Airport X-Ray Finds 109 Live Animals Crammed into 2 Suitcases

Experts have warned that illegal wildlife trafficking could surge as international borders reopen.
Gavin Butler
Melbourne, AU
animals seized thai airport
Among the animals were two armadillos, two porcupines, and 20 snakes. Photo: AFP PHOTO / Thailand's Department of National Parks, Wildlife and Plant Conservation

Nithya Raja and Zakia Sulthana Ebrahim were due to board a flight from Bangkok to Chennai, India on Monday when they were abruptly stopped at the airport’s security checkpoint. The women had handed over their luggage—two suitcases—for a routine X-ray inspection, and something, evidently, had piqued the attention of the authorities.

Moments later, wildlife officials were called to the scene at Suvarnabhumi Airport, where they opened the suitcases and discovered 109 live animals. Thirty-five turtles, 50 lizards, two white porcupines, two armadillos, and 20 snakes, all contained within the two pieces of luggage.

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Raja, 38, and Ebrahim, 24, were arrested and accused of wildlife trafficking. They have reportedly been charged with violating wildlife, animal disease and import regulations.

The large seizure appears to signal a return to form for illegal wildlife traffickers. It also validates concerns flagged by global experts over the past year that the illicit industry would bounce back after border closures and other pandemic measures disrupted the trade.

Danielle Fallin, a program coordinator and research assistant with the Southeast Asia Program at the Center for Strategic and International Studies, noted that while COVID-19 restrictions had made the logistics of the trade more difficult, it also plunged 104 million people in Asia into extreme poverty and forced many of them into illicit industries.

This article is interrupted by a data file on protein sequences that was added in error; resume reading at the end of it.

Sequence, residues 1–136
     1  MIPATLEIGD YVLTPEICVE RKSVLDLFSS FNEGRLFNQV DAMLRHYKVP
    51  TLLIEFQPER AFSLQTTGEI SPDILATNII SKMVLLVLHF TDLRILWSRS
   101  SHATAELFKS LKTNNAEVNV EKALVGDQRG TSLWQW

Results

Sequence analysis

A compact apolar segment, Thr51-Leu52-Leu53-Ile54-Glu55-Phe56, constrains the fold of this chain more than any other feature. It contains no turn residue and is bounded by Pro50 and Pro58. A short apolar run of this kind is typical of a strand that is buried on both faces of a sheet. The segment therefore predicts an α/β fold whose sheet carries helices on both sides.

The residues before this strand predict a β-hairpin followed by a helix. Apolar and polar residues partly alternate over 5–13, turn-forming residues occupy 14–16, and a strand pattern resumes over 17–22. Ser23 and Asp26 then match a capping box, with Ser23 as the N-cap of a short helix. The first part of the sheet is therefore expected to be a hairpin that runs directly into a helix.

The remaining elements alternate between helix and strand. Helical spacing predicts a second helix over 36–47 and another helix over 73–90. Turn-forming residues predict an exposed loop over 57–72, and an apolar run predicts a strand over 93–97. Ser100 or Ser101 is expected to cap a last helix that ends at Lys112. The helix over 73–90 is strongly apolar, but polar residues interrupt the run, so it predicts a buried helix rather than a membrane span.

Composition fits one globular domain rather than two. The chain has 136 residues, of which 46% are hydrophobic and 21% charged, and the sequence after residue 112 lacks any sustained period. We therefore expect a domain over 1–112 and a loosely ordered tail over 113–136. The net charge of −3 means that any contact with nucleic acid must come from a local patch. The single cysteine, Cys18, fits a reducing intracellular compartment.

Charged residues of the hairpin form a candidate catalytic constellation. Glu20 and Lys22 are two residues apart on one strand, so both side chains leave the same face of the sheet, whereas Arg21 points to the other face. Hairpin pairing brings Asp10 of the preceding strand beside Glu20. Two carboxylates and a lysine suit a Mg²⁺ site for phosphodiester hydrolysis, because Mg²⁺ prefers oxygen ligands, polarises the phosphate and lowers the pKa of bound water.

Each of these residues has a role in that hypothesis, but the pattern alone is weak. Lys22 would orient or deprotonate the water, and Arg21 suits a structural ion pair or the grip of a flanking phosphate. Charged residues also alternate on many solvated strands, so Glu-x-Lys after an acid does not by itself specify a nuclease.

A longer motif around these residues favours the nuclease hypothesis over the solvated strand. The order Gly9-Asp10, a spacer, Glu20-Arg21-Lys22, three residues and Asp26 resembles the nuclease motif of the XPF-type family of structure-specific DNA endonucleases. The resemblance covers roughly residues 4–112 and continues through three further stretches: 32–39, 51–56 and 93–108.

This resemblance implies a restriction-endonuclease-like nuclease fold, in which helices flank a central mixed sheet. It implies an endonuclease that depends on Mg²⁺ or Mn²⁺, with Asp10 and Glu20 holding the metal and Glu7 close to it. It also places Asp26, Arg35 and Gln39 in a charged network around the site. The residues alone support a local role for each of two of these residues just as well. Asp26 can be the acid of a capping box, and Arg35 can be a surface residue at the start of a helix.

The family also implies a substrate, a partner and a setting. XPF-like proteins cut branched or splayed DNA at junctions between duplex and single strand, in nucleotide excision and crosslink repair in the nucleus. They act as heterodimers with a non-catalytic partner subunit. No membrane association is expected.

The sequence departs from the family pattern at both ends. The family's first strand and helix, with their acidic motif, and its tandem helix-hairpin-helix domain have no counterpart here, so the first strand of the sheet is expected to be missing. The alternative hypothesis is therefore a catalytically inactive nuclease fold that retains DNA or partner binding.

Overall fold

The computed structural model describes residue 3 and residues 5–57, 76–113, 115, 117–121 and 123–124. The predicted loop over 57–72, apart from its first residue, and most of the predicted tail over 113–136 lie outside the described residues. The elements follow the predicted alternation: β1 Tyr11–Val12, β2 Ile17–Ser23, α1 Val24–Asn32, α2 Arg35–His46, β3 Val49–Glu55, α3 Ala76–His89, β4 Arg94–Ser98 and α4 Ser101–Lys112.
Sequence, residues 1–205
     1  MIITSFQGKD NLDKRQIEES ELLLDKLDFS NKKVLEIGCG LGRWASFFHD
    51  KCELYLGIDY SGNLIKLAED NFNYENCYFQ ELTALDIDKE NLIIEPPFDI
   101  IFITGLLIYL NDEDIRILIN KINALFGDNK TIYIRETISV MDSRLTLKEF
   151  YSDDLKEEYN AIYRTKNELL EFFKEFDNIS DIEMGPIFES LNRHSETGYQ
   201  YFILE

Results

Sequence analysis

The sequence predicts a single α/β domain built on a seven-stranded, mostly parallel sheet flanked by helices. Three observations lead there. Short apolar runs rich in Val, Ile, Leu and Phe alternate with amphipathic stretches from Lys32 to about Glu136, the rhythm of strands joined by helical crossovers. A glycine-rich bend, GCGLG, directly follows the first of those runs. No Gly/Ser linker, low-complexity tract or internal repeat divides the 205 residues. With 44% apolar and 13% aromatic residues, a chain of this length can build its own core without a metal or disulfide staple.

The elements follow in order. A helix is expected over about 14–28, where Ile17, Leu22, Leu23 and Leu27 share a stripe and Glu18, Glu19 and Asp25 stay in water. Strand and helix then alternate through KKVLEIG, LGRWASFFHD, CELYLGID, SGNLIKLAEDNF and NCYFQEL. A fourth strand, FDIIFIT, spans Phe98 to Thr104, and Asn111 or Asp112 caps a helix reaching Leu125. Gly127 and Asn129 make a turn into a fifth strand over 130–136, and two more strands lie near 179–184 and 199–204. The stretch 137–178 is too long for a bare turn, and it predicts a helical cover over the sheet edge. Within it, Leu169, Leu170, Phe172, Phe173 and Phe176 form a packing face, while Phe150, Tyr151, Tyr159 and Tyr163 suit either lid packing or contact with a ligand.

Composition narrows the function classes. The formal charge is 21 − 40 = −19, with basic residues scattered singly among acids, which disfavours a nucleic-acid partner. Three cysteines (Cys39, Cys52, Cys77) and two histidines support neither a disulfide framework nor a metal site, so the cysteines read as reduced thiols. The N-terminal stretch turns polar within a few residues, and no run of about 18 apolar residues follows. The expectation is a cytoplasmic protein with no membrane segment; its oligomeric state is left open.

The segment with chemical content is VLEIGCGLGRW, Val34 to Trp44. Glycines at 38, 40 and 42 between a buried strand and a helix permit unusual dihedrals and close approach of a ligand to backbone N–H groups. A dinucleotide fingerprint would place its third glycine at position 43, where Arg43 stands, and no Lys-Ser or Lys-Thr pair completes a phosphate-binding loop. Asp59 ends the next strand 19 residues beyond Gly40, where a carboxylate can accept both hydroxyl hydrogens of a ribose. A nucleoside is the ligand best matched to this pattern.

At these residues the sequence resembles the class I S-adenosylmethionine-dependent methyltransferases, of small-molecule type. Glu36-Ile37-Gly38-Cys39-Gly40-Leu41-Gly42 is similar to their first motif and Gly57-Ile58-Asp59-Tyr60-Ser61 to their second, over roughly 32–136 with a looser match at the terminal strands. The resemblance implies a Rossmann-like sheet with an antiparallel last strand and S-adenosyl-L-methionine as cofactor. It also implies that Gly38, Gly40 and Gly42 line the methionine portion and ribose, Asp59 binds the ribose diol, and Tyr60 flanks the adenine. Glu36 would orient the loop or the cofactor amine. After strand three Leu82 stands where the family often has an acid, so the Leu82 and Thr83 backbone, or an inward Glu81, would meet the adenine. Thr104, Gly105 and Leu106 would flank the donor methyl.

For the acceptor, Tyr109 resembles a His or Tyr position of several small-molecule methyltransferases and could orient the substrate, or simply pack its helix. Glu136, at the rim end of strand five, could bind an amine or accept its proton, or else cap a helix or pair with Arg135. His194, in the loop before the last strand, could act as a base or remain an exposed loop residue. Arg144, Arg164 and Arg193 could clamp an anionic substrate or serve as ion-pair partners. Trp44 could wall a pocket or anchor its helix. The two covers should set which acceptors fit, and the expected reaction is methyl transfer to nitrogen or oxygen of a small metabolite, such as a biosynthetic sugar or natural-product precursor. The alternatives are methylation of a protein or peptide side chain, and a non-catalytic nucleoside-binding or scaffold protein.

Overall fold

As a result, she added, cases of illegal wildlife hunting and local trade amplified. 

The United Nations Office of Drugs and Crime (UNODC) similarly found evidence, through interviews with wildlife traders and traffickers in difficult-to-police parts of Myanmar, Thailand, Laos and China, that in some cases wildlife products were being stockpiled until prices and demand recovered. Jeremy Douglas, Southeast Asia regional representative for UNODC, suggested that such a recovery would happen once restrictions were lifted further—a prediction that was echoed by Fallin.

“Illegal wildlife trafficking is poised for a disastrous expansion as countries in Southeast Asia begin to reopen their borders again and attract international tourists,” she wrote in December. Since then, multiple countries throughout the region have resumed international travel.

Southeast Asia has long been a hotbed for illegal wildlife trafficking, with the number of wildlife products sold online in the region doubling since 2015.

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